AP test format changes in response to shelter-in-place restrictions

Every May, students are packed inside of a gym, classroom or cafeteria to take a test for hours. However, this year students will be sitting in their homes, in front of a computer screen for 45 minutes.

On Mar. 23, 2020, the College Board sent out an update through email in regards to the changes students enrolled in Advanced Placement (AP) classes should expect. The College Board states that the health of students and educators is their priority and they will support AP students with at-home testing.  

Throughout the month of May, students across the country will take a 45 minute free response exam at home per subject. These exams can be taken on any device that is able to connect to Wi-Fi. However, each subject will have two different test dates so students will be able to choose when they want to take the exam. The exam will also only cover material that teachers have already covered up to early March.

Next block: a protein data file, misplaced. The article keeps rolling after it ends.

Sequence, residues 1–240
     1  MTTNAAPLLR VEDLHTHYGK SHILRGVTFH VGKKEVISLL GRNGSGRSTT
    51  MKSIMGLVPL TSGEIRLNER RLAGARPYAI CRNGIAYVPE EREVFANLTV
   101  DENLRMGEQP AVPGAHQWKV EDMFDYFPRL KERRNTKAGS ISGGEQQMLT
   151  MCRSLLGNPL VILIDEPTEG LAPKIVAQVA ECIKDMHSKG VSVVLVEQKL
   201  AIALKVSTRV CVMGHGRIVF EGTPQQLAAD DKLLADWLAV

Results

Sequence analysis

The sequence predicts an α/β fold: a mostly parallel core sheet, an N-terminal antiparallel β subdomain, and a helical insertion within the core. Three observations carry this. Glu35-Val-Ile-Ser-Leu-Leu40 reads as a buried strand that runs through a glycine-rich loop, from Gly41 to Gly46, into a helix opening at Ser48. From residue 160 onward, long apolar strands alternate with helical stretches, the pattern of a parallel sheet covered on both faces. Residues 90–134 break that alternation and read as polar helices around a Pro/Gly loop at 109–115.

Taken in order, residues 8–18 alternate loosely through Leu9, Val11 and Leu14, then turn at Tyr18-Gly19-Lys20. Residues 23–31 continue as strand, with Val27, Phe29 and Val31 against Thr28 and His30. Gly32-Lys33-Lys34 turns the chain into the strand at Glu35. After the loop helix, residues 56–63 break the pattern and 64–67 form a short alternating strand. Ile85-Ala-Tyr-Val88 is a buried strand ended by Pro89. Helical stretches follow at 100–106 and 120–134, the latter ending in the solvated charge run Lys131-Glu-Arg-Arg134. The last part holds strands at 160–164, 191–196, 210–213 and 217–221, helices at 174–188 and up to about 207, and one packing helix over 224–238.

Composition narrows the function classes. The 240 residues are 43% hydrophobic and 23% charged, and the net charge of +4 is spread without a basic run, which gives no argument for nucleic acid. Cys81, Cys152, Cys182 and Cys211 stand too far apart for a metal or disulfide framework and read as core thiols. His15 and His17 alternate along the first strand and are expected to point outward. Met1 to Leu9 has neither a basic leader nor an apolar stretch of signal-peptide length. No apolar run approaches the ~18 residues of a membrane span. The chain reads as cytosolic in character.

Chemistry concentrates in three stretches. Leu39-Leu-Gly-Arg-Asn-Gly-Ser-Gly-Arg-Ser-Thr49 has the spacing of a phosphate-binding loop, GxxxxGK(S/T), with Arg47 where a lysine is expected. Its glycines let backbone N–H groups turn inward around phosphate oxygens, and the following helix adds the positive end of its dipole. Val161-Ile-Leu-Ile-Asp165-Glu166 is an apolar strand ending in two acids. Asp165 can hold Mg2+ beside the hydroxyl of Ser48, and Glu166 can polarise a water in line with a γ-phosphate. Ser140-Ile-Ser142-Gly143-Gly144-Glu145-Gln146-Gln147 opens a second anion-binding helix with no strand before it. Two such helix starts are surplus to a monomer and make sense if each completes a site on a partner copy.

In addition, the College Board is uploading review videos to YouTube to aid students in their studying. The videos are live but get uploaded afterwards for any student who may have missed it. The material in the videos are reviewed by AP teachers in that subject. 

This year’s AP exams not only stray far from traditional AP tests because of the time, but this year’s exams will be open book. However, the College Board warns students on their “Tips for Success on Open Book/Open Note Exams” page that just because it is an open note exam, it does not necessarily mean it will be easy. 

The College Board is also ready to prevent any cheating done by students. 

“We use a range of digital security tools and techniques, including plagiarism detection software to protect the integrity of the exams,” the College Board stated. 

With the support and extra material that the College Board has put out, San Marin students are continuing their preparation for exams.

“I’m happy that the test is shorter because it makes me feel better about taking the test at home but I am terrified to take the test,” sophomore Sydney Martinez said. 

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